We have consulted with a number of industry leading healthcare professionals, scientists and experts in the antiaging field as to their specific “Theories of Aging”.
Links to these can be found below:
MICANS, MS, PharmB, Philip A
Phillip Micans, MS, PharmB, is the Editor-in-Chief of Aging Matters™ magazine, co-editor of the ‘Lifespan Medicine Journal’ and a founder and VP to the IAS Group. He is an expert in the food and nutrient field and has been heavily involved in the antiaging field for over 25 years.
This article looks at the theories and practice of antiaging medicine, looking at some of the most ‘forthright and treatable’ theories of aging as well as the biomarkers of aging.
Dr. Denham Harman
Denham Harman, also known as the “father” of the Free Radical Theory of Aging (FRTA), was an expert in the field of aging, particularly its cause and possible “cures”.
In this video from the 2nd Monaco Anti-Aging Conference & Expo, June 2001, Denham Harman, MD and Marios Kyriazis, MD discuss aspects of the FRTA including Carsonine, carnal DNA and testing for free radicals.
James South, MA
James South, MA, was regarded as one of the greatest authorities in the field on the topic of nutrition, due to his professional knowledge, training and personal experiences. In this article, Mr South looks at the Free Radical Theory of Aging as developed by Dr Harman, also known as “the father ” of the free radical theory of aging (FRTA) first proposed in November 1954.
Dr Harman’s FRTA looks at the causal power of free radicals and the role they play in the FRTA as well as the mitochondrial, membrane and cross-link theories of aging.
James South, MA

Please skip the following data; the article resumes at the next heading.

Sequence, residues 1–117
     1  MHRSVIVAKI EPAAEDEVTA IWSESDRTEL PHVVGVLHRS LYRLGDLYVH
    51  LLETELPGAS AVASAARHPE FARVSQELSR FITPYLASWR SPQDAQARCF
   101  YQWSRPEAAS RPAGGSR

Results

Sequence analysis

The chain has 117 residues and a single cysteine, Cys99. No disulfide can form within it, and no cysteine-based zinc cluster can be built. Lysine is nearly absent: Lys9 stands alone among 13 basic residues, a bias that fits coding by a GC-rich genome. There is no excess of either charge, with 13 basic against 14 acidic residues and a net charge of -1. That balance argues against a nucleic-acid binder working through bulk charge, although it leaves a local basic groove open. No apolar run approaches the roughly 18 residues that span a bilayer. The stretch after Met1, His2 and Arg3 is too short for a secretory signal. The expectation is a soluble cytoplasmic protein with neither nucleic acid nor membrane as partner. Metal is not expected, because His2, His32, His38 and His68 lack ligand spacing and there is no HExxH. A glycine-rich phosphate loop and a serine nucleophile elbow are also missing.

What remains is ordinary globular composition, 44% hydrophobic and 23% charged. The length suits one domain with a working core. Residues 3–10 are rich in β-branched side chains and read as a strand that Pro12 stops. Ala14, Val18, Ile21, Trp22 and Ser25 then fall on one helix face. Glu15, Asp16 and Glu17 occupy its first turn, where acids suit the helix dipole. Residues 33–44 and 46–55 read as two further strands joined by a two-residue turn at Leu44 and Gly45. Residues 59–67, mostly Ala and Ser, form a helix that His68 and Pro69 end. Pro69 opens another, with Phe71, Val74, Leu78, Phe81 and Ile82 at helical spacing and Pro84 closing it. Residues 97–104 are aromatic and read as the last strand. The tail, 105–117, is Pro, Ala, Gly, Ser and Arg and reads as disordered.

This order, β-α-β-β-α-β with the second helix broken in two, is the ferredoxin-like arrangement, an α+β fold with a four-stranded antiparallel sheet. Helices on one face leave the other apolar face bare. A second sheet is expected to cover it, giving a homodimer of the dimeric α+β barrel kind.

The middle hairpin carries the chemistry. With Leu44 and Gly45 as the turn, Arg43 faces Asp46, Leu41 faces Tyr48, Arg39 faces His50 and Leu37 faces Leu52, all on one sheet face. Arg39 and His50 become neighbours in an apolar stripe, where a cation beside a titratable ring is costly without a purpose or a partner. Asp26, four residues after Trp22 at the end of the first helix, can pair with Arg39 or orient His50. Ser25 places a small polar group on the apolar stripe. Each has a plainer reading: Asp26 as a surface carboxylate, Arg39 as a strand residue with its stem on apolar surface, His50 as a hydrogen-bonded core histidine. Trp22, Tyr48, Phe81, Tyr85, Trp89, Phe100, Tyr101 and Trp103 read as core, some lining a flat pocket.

In this article, he discusses the Mitochondrial Theory of Aging (MTA) first developed by Denham Harman, the “father” of the free radical theory of aging (FRTA). This includes a look at the basics of Mitochondria, evidence to validate the MTA and the role that Vitamins, ALCAR and other chemicals have to play.
Dr Walter Pierpaoli, M.D., Ph.D. has a lifetime’s experience researching aging and related topics – he is recognised as being one of the world’s foremost antiaging physicians. He has spent over 50 years focusing on areas such as the impact the pineal gland has on human life and health, as well as the links between the neuroendocrine system and the immune system.
Dr Pierpaoli’s Rotational Theory of Aging is discussed in this interview with the Editor of the Aging Matters™ magazine, Phil Micans (PM), looking at areas such as the pineal gland, circadian rhythms and Melatonin.
Dr Dean Ward, M.D
Dr Dean Ward, M.D is a world-renowned expert in the antiaging field. He is extremely knowledgeable on the subject of the Neuroendocrine Theory of Aging, originally developed by Vladimir Dilman (Soviet scientist and physician).
In this video from the 2nd Monaco Anti-Aging Conference & Expo, June 2001, Dr Ward discusses the Neuroendocrine Theory of Aging, amongst other topics including the definition of aging and secrets of life extension.
Don Kleinsek, Ph.D
Don Kleinsek, Ph.D is an expert in the nutrition and aging fields, including caloric restriction. He is extremely knowledgeable on the Cross-Link Theory of Aging, originally created by Dr. Johan Bjorksten and has made advances in the fields of altered gene expression during cell senescence and cholesterol lowering agents.
In this video from the 2nd Monaco Anti-Aging Conference & Expo, June 2001, Don Kleinsek discusses the conceptual basis of the Membrane Hypothesis of Aging. Topics include crosslinking, it’s growth effects enzymatic crosslinking.
Dr Imre ZS Nagy, M.D
Dr Nagy is a retired Professor Emeritus at the University of Debrecen, Hungary. His research and expertise in the aging of cell membranes has spanned over 45 years.
Dr Nagy’s Membrane Hypothesis of Aging has its roots in the experimental gerontology research he conducted in the 1960s. The basic concept of MHA realistically represents the basic process of cell differentiation and aging.
Dr Imre ZS Nagy, M.D
In this video from the 3rd Monte Carlo Conference, Sept 2002, Dr Nagy discusses the conceptual basis of the Membrane Hypothesis of Aging. Topics include free radicals, genetics, brain aging and cellular organization.